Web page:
Every year, it always seems like the MLB non-tender deadline becomes a bigger story than it should be. The overwhelming majority of players who become free agents due to their teams no longer viewing them as worth their price tags are usually correct calls. However, a few become worthwhile stories or targets for other teams. Some are obvious bounce back candidates, while others were productive but were cut due to their former teams needing to create room in their budget. It seems the main reason why this deadline has relevance is because it typically is a productive source of the thing every team wants in roster construction: low cost value.
Last offseason, the White Sox were a fun story to follow for multiple reasons regarding the non-tender deadline. Avisail Garcia struggled quite a bit in 2018 trying to sustain the success of his 2017 breakout season; as a result, was not tendered a contract for 2019. He would catch on with the Rays, and would play a big role in their return to the playoffs last year. Though letting go of Garcia may have been questionable, the White Sox somewhat made up for it by signing James McCann, who had been non-tendered by the Tigers following a forgettable 2018 season of his own. McCann would turn in a stellar first half of 2019 and received an All-Star nod. He will now remain with the White Sox to form one of the top catching tandems in the league with Yasmani Grandal.
The White Sox example shows that teams can both regret and benefit through non-tender decisions. While “lottery ticket” may not be the best term for a player, that is the general idea of what several of these players are. Many have had success in the past, but due to injury or ineffectiveness, could not find success the previous year. However, with a return to health or a needed correction in their approach, some of those that were non-tendered could return to their previous states of being significant contributors.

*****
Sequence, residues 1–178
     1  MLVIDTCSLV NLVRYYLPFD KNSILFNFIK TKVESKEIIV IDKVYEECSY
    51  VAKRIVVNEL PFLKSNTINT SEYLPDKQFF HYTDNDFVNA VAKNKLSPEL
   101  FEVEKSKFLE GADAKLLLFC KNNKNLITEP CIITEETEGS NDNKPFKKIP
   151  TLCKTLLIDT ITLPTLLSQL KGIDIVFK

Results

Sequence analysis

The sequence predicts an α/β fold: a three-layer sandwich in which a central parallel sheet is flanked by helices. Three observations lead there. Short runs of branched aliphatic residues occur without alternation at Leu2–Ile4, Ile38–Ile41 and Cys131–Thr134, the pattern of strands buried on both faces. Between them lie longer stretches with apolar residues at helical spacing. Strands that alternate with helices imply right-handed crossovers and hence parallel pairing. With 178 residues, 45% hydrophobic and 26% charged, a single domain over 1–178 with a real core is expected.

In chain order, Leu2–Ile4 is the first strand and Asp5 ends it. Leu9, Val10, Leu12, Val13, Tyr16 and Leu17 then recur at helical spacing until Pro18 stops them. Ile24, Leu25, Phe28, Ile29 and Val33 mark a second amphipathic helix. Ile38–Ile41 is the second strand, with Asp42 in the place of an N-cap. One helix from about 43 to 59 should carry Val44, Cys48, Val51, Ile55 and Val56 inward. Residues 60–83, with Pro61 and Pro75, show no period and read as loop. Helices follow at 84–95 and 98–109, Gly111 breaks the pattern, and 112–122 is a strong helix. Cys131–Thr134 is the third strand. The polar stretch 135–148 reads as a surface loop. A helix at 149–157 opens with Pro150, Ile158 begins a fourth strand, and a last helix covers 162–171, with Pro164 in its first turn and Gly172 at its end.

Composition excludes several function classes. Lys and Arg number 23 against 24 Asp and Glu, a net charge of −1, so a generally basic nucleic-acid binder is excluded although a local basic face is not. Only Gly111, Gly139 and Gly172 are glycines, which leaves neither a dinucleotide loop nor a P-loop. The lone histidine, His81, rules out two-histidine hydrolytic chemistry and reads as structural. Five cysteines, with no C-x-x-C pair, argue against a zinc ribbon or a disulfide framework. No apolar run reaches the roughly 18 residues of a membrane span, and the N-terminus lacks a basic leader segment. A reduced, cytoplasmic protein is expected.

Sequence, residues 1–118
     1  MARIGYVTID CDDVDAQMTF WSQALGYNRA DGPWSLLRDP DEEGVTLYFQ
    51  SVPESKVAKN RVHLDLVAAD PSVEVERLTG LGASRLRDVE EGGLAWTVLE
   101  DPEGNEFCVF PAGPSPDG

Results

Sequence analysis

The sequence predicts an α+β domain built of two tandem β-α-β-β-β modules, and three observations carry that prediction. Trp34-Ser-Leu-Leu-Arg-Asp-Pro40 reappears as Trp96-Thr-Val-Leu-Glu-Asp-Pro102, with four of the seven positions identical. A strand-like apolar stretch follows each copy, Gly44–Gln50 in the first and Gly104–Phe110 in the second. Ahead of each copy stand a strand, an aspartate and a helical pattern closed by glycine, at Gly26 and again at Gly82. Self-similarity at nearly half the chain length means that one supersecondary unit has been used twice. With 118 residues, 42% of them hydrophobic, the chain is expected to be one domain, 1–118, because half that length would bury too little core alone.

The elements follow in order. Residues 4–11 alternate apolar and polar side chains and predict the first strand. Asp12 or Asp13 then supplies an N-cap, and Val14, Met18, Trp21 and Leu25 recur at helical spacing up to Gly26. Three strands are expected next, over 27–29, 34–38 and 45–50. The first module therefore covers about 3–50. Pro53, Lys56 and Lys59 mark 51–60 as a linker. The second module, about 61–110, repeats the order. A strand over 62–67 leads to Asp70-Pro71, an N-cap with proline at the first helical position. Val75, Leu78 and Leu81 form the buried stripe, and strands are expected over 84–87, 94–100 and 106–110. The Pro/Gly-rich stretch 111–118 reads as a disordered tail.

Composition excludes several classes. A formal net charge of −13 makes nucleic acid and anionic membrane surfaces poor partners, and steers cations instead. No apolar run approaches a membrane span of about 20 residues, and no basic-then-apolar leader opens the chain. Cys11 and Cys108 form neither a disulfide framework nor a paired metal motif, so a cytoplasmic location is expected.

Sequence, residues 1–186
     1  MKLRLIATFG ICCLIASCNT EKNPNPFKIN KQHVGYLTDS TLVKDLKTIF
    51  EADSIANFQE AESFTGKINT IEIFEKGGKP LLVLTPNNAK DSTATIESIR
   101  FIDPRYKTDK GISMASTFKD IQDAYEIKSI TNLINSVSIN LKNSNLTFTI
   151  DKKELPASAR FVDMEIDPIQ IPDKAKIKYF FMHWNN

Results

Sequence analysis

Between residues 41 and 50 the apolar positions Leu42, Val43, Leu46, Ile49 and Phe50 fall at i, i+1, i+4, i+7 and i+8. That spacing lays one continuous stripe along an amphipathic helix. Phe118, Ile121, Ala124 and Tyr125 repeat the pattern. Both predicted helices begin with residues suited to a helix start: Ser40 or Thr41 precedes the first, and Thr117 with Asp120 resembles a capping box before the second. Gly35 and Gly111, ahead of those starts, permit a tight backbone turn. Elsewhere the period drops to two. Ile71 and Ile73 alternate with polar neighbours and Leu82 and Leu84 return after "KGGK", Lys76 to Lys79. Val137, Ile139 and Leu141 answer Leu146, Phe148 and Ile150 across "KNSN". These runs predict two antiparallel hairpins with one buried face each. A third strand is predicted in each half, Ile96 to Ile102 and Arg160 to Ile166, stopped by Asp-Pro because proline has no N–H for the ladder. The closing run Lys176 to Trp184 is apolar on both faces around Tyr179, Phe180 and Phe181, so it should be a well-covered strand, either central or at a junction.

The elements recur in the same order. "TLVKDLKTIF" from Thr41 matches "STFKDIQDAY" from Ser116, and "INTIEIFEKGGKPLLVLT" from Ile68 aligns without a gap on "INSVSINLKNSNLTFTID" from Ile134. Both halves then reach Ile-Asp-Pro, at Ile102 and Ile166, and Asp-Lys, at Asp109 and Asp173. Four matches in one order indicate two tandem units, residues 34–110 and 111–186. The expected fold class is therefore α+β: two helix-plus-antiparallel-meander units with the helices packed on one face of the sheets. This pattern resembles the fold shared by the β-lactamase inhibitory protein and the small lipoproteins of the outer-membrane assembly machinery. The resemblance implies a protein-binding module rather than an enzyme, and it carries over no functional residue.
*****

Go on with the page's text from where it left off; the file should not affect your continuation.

Furthermore, as a result of already being let go by one team, the cost to acquire these players’ services likely will not cause too much issue with a new team’s budget. Atlanta has made several moves that indicate they prefer having as much money available as they can. However, while a big and costly acquisition may be in the works, the Braves could also simply feel that there are more productive options to fit into the budget than the players they already had.
With that in mind, I feel there are a few intriguing names on the list of new free agents from yesterday who could make sense for the Braves. I do not feel as if any of these names should be priorities, nor do I feel there is a huge chance they could become an All-Star like McCann. I do feel that Atlanta has a very creative front office and coaching staff, and is a franchise that can extract value at a level other teams may not be able too. With names such as Ron Washington, Kevin Seitzer, and others offering tutelage on a daily basis, the Braves could be a desired destination for someone hoping to get their career back on track. The fact that Atlanta will likely be a contender for the foreseeable future also helps matters.